In front of a heavily British expat crowd in an auditorium located in one of Jerusalem’s oldest neighborhoods adjacent to the Old City, the authors brought new insight and anecdotes to the Balfour Declaration’s familiar history.

Authors Elliot Jager (left) and Azriel Bermant (center) discussing British-Israeli relations with journalist Matthew Kalman at the Times of Israel event in Jerusalem on February 27, 2018. (Eliyahu Yanai/Mishkenot Sha’ananim)

“I think we are still talking about a Balfour Declaration because to this day, the idea of a national home for the Jewish people is opposed by the Palestinian Arabs,” Jager said, noting the Palestinians’ recent proposal to sue Britain for issuing the Balfour Declaration in 1917.

Bermant said it’s not just those against the Balfour Declaration drawing attention to the document, but that the statement remains a point of pride for both Israel and Britain.

Marking the centenary anniversary of the Balfour Declaration this year, Netanyahu flew to London for a celebratory dinner with British prime minister Theresa May in November.

Prime Minister Benjamin Netanyahu poses with British Prime Minister Theresa May outside 10 Downing street in London on November 2, 2017. (AFP Photo/Daniel Leal-Olivas)

“Both Israelis, the British, and in particular, Palestinians, have drawn attention to this anniversary,” Bermant said.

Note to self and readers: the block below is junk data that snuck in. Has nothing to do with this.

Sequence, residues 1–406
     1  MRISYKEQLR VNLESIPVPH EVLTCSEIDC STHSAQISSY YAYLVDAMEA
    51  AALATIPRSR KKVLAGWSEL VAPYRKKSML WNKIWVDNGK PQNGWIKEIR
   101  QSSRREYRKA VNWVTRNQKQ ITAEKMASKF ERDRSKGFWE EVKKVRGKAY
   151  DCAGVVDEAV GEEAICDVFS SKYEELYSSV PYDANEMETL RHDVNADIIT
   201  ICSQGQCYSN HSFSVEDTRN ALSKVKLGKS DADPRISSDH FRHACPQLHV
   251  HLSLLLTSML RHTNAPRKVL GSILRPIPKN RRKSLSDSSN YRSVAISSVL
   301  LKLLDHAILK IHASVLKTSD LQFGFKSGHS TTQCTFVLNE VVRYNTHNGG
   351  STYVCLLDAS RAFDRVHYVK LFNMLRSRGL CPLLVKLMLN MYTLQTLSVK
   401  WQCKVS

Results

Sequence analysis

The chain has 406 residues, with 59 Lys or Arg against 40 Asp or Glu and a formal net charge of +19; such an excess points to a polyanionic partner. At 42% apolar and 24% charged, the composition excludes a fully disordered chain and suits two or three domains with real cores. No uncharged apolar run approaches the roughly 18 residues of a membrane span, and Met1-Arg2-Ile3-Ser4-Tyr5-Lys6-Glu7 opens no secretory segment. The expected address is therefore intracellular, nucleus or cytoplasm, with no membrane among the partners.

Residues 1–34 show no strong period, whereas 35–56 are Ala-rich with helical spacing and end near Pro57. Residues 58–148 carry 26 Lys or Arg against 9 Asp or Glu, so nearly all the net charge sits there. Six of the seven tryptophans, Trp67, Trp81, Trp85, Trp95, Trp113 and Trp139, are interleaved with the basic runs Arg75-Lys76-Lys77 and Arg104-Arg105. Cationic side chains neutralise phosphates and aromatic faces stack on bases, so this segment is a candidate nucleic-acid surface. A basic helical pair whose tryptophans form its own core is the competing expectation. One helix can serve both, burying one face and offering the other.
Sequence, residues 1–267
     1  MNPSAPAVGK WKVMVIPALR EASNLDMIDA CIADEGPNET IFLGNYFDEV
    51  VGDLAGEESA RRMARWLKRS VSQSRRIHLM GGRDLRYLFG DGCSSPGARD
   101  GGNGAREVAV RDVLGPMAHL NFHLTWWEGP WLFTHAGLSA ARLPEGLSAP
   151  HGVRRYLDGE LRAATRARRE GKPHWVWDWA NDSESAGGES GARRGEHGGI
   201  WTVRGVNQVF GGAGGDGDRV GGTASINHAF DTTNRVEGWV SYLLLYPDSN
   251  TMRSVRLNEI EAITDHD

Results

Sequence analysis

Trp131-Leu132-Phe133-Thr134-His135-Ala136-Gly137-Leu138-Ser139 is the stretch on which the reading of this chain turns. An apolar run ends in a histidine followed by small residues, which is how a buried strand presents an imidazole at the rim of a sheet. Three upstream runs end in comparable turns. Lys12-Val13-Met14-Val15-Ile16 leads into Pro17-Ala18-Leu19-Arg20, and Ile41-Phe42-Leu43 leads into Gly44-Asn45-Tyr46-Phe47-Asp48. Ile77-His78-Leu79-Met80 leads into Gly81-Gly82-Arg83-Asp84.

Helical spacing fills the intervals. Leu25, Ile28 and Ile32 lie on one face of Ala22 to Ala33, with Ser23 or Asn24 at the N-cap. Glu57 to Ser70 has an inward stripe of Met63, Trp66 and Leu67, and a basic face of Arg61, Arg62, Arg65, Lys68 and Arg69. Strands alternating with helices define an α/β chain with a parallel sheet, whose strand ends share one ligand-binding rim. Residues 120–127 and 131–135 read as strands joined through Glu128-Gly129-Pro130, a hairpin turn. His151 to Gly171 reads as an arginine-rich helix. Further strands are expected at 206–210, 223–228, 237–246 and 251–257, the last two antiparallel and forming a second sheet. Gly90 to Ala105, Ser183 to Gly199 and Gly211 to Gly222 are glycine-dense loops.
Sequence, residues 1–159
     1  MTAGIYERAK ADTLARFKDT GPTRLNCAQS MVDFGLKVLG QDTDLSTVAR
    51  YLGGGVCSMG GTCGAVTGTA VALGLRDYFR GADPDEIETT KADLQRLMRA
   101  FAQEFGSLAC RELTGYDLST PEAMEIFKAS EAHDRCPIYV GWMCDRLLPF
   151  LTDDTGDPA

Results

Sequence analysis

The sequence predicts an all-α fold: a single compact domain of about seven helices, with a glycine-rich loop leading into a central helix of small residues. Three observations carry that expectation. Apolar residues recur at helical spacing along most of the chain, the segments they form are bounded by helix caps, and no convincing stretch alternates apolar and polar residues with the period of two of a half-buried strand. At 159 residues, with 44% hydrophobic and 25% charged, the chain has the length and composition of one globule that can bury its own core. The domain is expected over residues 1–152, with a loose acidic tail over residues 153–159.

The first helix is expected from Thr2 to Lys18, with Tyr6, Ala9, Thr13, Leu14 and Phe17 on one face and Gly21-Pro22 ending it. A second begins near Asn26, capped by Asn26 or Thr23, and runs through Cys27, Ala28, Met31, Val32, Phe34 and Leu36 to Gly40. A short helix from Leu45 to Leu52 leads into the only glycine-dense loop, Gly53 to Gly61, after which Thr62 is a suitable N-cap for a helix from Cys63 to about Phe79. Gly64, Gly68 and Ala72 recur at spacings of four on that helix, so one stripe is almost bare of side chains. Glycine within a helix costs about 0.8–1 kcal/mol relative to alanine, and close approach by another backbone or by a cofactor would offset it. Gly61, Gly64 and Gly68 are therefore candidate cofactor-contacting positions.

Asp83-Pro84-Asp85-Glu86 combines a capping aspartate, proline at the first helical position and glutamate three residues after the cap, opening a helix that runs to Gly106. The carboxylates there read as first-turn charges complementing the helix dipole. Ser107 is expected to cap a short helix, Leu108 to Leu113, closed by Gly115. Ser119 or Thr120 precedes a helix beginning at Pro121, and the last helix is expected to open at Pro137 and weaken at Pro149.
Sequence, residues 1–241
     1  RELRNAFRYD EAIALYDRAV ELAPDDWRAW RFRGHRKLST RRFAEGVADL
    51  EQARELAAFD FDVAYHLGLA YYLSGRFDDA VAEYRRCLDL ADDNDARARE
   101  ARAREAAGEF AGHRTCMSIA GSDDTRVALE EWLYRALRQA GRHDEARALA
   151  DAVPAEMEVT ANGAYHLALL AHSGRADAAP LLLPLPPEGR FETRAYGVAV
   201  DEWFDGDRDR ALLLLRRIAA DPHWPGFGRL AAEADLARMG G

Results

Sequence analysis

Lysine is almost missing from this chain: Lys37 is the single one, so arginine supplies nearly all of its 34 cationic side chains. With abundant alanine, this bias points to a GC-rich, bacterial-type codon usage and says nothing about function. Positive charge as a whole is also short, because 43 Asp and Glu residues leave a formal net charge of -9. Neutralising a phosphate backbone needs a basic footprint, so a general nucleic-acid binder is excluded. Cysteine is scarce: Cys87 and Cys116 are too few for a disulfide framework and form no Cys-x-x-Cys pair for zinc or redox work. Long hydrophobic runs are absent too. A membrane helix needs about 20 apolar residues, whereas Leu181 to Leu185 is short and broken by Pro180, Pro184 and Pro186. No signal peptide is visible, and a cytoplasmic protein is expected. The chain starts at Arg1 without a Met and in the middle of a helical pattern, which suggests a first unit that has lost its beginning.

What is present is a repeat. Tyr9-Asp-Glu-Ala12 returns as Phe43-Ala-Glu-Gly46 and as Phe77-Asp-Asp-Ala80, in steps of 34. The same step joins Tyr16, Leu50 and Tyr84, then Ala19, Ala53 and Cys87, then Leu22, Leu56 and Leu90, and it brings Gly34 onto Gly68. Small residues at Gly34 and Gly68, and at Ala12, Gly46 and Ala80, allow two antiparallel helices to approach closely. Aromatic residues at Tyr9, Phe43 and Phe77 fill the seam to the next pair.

“For Palestinians, Balfour is the original sin, while for Israelis, it’s a source of pride and something they’re very happy to make a lot of. Britain sometimes finds itself in an awkward position because on the one hand, the May government speaks of it with pride but over the decades, Britain has been very uneasy about the Balfour Declaration,” said Bermant.

Certainly at the time, said Jager, the decision to publicly support the idea of a Jewish state was rather profound and due largely to the Jewish community’s perceived influence.

Chaim Weizmann, Israel’s first president, pictured in 1949. (Photo: Hugo Mendelson / Wikipedia)

“It was World War I. Anything was worth trying,” Jager said. “There was this sense that the Jews had this unbelievable influence in Russia and the United States. [President of the Zionist Organization] Chaim Weizmann didn’t do anything to dissuade them from believing this nonsense.”

Jager said that Christian Zionism also played a role in encouraging Lord Balfour and Lloyd George, the letter’s main sponsors, to support the notion of a Jewish state, noting that both were Bible-reading Christians.